Anonymous Grading in Blackboard

A colleague at another institution recently uttered the words, “We all have those students we don’t love as much as others but they still deserve to be assessed fairly.” I know what you’re thinking. This is just plain false because you love all of our students equally. However, the fact remains that it can be difficult to assess student performance and assign grades without the influence of extraneous variables or bias. Factors that can sometimes influence assessment of student learning might include:

  • knowledge of how a student performed on prior assignments or in prior courses,
  • opinion on how hard they try (effort),
  • in-class participation levels (and the assumption that this correlates with their content knowledge or ability to think critically or synthesize), and so much more.

So how do you put on those blinders and assess based on the learning objective without the influences of what you already know about the student? One approach is to grade anonymously.

Blackboard allows you to setup assignments that can be graded without knowing who submitted the work until after you have entered the grade and optional feedback.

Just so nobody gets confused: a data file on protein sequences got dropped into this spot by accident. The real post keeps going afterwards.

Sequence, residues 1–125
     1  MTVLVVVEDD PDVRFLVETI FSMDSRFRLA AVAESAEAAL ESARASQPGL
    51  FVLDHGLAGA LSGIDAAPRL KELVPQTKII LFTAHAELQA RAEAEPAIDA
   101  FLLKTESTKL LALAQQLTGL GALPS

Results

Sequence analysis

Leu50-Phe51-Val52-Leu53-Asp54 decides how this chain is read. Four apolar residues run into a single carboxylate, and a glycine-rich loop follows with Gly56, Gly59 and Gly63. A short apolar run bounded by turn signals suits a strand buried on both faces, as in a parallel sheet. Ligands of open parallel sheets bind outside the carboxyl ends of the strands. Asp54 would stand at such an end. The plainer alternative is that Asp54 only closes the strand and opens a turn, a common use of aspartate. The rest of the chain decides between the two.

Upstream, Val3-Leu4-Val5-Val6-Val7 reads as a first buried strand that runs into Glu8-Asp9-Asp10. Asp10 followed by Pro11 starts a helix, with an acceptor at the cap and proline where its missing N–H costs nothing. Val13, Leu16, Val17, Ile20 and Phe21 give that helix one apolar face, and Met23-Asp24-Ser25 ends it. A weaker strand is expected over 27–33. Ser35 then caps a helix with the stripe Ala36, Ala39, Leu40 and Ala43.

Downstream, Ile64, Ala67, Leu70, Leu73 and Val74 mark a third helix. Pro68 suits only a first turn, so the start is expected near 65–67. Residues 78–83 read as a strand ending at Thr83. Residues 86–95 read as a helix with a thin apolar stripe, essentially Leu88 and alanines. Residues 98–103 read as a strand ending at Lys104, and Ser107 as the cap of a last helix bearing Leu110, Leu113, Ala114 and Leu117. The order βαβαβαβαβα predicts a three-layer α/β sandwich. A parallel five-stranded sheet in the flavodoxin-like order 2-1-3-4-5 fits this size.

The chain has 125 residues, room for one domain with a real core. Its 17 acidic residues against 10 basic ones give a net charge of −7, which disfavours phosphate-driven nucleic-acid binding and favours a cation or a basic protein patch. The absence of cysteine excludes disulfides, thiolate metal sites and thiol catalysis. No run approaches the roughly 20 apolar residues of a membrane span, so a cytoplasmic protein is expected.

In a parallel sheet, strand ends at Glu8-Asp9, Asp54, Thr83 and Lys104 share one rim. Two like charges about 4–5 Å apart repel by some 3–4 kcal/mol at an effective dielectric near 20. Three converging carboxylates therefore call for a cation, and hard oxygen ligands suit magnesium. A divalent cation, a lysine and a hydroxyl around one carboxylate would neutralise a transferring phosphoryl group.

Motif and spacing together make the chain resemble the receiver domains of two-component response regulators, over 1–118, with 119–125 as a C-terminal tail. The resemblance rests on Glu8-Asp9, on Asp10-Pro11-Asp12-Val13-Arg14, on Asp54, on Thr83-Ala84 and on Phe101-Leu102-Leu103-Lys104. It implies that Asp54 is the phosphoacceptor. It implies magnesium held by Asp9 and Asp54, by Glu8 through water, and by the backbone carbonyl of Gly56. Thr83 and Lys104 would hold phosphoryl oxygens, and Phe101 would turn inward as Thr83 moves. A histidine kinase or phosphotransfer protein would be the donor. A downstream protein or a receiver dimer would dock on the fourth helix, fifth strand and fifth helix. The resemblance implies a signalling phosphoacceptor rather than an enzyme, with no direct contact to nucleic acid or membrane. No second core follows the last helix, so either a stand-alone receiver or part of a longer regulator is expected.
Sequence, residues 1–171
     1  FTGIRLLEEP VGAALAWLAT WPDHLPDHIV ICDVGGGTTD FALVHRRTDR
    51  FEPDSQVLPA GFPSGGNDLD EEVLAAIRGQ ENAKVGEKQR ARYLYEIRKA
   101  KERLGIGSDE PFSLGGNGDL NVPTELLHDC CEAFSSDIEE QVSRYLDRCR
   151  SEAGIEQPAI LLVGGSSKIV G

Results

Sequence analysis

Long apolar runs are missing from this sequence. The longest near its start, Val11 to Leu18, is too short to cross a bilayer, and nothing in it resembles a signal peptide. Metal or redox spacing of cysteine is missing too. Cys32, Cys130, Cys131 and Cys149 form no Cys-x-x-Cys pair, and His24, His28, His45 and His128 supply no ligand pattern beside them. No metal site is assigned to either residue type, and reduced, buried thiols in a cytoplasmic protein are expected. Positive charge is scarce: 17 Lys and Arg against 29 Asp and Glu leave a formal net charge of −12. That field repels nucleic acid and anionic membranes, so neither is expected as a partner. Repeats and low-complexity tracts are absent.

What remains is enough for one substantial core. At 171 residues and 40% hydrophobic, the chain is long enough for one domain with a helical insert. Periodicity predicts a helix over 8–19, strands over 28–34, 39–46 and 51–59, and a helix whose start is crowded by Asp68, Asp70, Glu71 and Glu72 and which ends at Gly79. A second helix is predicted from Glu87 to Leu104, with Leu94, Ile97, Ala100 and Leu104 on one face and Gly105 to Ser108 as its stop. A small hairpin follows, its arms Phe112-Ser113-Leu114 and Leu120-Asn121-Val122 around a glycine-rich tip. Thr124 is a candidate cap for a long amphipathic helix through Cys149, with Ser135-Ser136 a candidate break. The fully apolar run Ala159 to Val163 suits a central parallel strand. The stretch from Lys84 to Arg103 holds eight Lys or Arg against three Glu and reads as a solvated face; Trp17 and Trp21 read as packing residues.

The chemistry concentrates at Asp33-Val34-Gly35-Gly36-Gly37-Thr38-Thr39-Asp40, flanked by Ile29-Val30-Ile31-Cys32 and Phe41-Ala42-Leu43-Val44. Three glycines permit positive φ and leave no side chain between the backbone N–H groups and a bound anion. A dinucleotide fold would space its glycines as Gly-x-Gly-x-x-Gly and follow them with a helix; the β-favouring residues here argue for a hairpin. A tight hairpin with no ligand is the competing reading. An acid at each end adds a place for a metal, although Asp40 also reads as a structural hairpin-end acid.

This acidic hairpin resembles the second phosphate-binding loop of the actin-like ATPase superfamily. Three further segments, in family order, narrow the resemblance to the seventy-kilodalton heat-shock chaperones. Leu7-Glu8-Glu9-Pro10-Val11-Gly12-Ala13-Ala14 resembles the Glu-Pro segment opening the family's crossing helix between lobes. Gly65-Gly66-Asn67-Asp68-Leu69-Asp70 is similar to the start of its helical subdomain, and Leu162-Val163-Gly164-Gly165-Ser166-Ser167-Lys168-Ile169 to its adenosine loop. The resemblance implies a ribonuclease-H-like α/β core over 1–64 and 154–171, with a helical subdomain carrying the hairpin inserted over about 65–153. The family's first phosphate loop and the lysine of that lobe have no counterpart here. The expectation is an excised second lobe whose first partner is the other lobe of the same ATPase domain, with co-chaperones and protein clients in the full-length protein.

Whenever you want to add another layer of fairness and impartiality to your grading, you can use the anonymous grading feature. Without knowing who submitted an assignment, you aren’t unduly influenced by a student’s previous performance, class participation, conflicts, race, gender, or perceived student aptitude. This practice can also contribute to the student-instructor relationship because students are assured that grading was unbiased.

With a simple checkbox and a request to your students to not put their name on their assignment, you can enable this feature in your courses.

Further Study

Here is a collection of resources related to the benefits of anonymous grading:

It is important to note that anonymous or blind grading does not always work. For example, if charting progress is your goal, anonymous grading may not allow you to do that. Researchers have argued whether anonymous grading is really better; you are encouraged to study this topic to see if this Blackboard feature fits your needs.